• A tax of 12% is levied on all earnings above approximately £9,500 per annum up to a limit of around £40,000 per annum. Above that, the tax is 2%. These rates will now increase to 13.25% and 3.25%, respectively.
    • In addition, National Insurance is levied on employers at 13.8% on all earnings above the floor of £9,500. This rate will increase to 15.05%.

    This is politically skillful, at least to a degree. No future chancellor of the exchequer (treasury secretary) is going to abolish this new Health and Social Care Levy, which will, starting in 2023, appear as a separate item on all employee payslips.

    Complacency and pragmatism

    The government plans to raise from its tax increase some £12 billion to fund the National Health Service (NHS) and the long-term problem of social care. The first thing to remember is that NHS is a political project and objective rather than health care strictly focused on delivery. The political establishment, therefore, judges success in the NHS by the inputsrather than the outputs. A supposedly Conservative government has just announced a massive increase in government expenditure funded by tax increases without any thought for the implications for employment, innovation, or even a plan for how the money will be spent—other than on the NHS and social care. Note that the National Insurance increase also affects employers; this is a tax on jobs. The consequence will be increased unemployment and therefore increased welfare payments, and so the vicious circle continues.

    We are in danger of losing the moral argument for the market through complacency. Little interest is shown for liberalizing the supply side of the equation. The progressive side of the political spectrum shows little interest in the creation of the very wealth they wish us to redistribute or even the public goods they would wish us to have. There is a moral imperative to supply side economics.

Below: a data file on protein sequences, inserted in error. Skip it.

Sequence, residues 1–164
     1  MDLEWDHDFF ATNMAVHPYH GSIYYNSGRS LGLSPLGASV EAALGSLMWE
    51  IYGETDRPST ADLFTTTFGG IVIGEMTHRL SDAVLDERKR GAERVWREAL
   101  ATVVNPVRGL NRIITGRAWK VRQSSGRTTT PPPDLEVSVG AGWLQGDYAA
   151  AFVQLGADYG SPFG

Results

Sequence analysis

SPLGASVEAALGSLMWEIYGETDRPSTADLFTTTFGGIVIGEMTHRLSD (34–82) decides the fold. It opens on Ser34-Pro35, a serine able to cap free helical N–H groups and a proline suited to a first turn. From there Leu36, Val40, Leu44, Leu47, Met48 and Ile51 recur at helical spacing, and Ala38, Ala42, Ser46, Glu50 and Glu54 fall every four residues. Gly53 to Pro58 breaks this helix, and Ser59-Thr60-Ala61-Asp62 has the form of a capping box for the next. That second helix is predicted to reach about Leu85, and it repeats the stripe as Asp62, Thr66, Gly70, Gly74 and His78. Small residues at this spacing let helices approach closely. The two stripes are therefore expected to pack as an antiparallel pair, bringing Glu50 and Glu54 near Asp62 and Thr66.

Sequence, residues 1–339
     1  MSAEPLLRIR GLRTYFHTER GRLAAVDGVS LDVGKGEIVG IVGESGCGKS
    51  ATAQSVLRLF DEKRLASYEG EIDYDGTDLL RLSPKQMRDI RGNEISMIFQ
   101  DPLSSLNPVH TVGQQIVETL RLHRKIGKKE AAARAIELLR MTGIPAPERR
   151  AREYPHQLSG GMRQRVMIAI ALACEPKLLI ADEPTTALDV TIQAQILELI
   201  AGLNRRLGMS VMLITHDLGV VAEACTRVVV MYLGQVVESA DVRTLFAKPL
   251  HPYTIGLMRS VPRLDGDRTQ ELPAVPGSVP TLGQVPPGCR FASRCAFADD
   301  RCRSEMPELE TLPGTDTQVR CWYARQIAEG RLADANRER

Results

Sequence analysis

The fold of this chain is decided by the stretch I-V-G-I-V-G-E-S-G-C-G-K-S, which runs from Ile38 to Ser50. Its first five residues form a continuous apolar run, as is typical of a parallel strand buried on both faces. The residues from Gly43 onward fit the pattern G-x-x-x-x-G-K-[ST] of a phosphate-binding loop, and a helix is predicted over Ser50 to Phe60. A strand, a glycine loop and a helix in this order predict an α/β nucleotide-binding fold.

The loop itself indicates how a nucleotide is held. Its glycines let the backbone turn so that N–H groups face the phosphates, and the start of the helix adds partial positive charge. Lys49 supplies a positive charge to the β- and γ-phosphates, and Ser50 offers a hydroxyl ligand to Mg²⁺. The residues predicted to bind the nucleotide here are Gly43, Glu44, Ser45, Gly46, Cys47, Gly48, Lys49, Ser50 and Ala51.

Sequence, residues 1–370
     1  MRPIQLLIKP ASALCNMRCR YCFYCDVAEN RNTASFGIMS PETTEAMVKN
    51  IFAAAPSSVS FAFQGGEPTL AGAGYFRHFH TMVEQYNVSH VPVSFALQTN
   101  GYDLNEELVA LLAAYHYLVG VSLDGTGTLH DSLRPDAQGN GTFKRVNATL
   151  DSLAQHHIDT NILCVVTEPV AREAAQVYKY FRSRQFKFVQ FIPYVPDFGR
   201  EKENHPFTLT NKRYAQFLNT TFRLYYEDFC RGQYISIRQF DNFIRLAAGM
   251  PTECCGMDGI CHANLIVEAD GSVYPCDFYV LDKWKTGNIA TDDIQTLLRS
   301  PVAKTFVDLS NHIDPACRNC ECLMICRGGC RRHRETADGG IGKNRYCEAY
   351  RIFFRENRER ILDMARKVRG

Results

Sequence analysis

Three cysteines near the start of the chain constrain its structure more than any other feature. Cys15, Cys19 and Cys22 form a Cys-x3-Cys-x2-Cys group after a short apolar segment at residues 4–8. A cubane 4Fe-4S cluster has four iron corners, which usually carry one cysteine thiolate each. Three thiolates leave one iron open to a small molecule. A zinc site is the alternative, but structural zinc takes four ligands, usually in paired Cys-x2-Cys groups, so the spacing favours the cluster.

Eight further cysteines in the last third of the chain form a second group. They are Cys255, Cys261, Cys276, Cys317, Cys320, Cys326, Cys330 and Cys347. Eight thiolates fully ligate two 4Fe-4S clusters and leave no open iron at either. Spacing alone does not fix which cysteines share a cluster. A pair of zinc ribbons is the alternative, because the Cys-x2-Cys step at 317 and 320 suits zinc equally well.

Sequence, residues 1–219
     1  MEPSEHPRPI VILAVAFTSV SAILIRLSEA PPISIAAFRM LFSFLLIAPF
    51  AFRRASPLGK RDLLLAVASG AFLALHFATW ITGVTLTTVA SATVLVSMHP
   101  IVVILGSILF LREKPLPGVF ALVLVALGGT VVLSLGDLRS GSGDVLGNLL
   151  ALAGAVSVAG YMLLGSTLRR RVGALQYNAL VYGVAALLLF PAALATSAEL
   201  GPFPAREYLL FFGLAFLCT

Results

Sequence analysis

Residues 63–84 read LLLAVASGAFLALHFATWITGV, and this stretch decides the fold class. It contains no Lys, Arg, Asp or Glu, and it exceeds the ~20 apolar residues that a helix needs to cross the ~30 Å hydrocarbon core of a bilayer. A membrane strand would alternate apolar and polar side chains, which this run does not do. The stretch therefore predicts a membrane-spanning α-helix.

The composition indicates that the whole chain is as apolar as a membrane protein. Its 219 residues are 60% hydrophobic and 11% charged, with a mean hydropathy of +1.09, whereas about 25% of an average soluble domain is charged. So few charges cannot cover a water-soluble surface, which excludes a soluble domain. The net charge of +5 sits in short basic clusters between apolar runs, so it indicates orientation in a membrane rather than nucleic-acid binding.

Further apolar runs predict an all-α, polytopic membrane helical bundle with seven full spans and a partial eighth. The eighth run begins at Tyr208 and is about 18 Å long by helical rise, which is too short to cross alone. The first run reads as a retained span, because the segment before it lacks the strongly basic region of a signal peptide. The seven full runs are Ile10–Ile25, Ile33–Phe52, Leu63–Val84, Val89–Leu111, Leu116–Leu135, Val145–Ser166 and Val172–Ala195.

Rewinning the argument

    The current British Conservative government seems as far away from its predecessor under Margaret Thatcher in economic terms as it is possible to be. The left-of-center opposition is in disarray because Boris Johnson’s government has taken over their policy territory (we call it parking your tanks on the opponent’s lawn). The assumption is that all the millions of British voters who voted Conservative for the first time in 2019, and flipped scores of previously socialist districts, really want….more socialism.

    We need to rewin the argument for the market once again. How might we do this? Here are four suggestions relevant for all of us in market economics:

    1) We need to detach the idea that moral principle and moral high ground are linked to big government, more debt, and greater intervention.

    There is an appalling lack of economic literacy and moral education. We fail to teach people how to make moral economic decisions in a market context. More government is rarely the answer to any question. A vision for the power of civil society in which intermediate institutions, often church focussed, provide welfare and support which is local, relational and targeted alongside a competitive market economy in which jobs are created, wealth created and ideas and innovation set free. The people die for a lack of vision.

    2) We must reassert the power of the supply side of the economy. Wealth creation is a moral imperative.